TODD: A recent complaint filed by Evan Corcoran and other Trump lawyers says the former president and his team provided, quote, complete cooperation.


TODD (on camera): CNN has reached out multiple times to Christina Bobb and Evan Corcoran for comment. We have not heard back. Donald Trump has denied any wrongdoing in the Mar-a-Lago investigation, calling it, quote, the weaponization of the justice system. Pamela?

BROWN: Brian Todd, thank you so much for that report. And we should note that Trump's attorneys in court today, they could have provided some explanation for that. They did not. All right, thanks so much.

Up next, newly released police body cam video shows an officer fatally shooting an unarmed black man in his own bed.



BROWN: Just in, a CDC advisory committee has given a green light to updated COVID-19 boosters designed to target the latest omicron subvariants of the virus. Now, when CDC Director Dr. Rochelle Walensky signs off on this recommendation, the updated vaccines will be available to Americans just within a matter of days.

Well, police in Columbus, Ohio, have released body cam video showing an officer fatally shooting an unarmed black man in his bed. Police say officers thought the victim had something in his hands. It turned out to be a vape pen.

CNN's Omar Jimenez has this report which contains disturbing video.


OMAR JIMENEZ, CNN CORRESPONDENT (voice over): It started with an early morning knock at the door and Columbus police officers preparing to serve a felony warrant for domestic violence, assault and improper handling of a firearm.

UNIDENTIFIED MALE: Columbus police, we're not leaving. We know you are inside.

CHIEF ELAINE BRYANT, COLUMBUS DIVISION OF POLICE: It should be noted that they spent eight to ten minutes knocking on the door.

JIMENEZ: A man eventually opened the door. He and another person inside were detained. But a third, who ended up being the target of the warrant, was believed to be behind this door.

UNIDENTIFIED MALE: We're going to send that dog in.

UNIDENTIFIED MALE: He's got something in his hand.

JIMENEZ: The something in his hands didn't turn out to be a weapon, police say, but a vape pen was found next to him on the bed. 20-year- old Donovan Lewis was later pronounced dead. He was shot by Officer Ricky Anderson, a 30-year veteran with the department, who has been placed on leave pending an ongoing state investigation.

In less than a week, this was the third police-involved shooting in Columbus, this being the only fatal one but also the latest in a number of controversial shootings in recent years going back to December 2020.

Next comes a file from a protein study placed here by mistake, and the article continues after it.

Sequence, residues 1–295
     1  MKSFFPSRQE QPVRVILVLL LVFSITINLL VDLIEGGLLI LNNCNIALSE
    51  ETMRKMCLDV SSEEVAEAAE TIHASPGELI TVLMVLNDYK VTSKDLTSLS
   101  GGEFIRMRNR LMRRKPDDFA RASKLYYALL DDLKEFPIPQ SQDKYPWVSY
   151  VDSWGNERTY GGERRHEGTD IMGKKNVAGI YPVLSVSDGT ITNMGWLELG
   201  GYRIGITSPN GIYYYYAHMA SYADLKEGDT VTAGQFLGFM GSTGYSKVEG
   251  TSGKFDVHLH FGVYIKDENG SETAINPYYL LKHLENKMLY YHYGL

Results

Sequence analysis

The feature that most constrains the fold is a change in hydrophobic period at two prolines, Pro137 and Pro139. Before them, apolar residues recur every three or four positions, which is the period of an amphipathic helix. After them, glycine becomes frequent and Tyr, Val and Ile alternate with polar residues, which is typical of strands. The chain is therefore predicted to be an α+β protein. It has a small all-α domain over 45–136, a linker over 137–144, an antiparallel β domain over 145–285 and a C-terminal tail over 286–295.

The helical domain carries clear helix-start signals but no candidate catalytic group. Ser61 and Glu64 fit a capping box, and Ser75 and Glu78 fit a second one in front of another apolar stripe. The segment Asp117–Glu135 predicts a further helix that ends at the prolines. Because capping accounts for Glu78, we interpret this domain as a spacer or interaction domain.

Casey Goodson Jr. was shot and killed by a deputy looking for violent offenders at the time, but not him. That deputy was indicted on two counts of murder and one count of reckless homicide.

Later that month, an officer shot and killed Andre Hill as police responded to a report of a man sitting in his SUV. That officer fire and charged with murder.

And in April last year, 16-year-old Ma'Kiah Bryant was shot and killed when video showed her lunging at another woman with a knife. The officer wasn't indicted.

MAYOR ANDREW GINTHER (D-COLUMBUS, OH): The last few years have been challenging for a variety of reasons, not the least of which is balancing the need for public safety with the need for police reform. JIMENEZ: It's part of why the U.S. Department of Justice launched an ongoing review into the police department. But for Donovan Lewis' family, it doesn't change him being gone.

REX ELLIOT, DONOVAN LEWIS FAMILY ATTORNEY: How many more lives are going to be lost to this type of reckless activity? There was no justification, let me be clear, no justification for Officer Anderson to shoot an unarmed man trying to get out of bed as police officers were instructing him to do.


JIMENEZ (on camera): Now, the attorneys for the shooting officer put out a statement saying they sympathize with the loss of life, but also, we must look to the totality of the circumstances, because unlike all of us, officers are not afforded the luxury of armchair reflection when they are faced with rapidly evolving, volatile encounters and dangerous situations.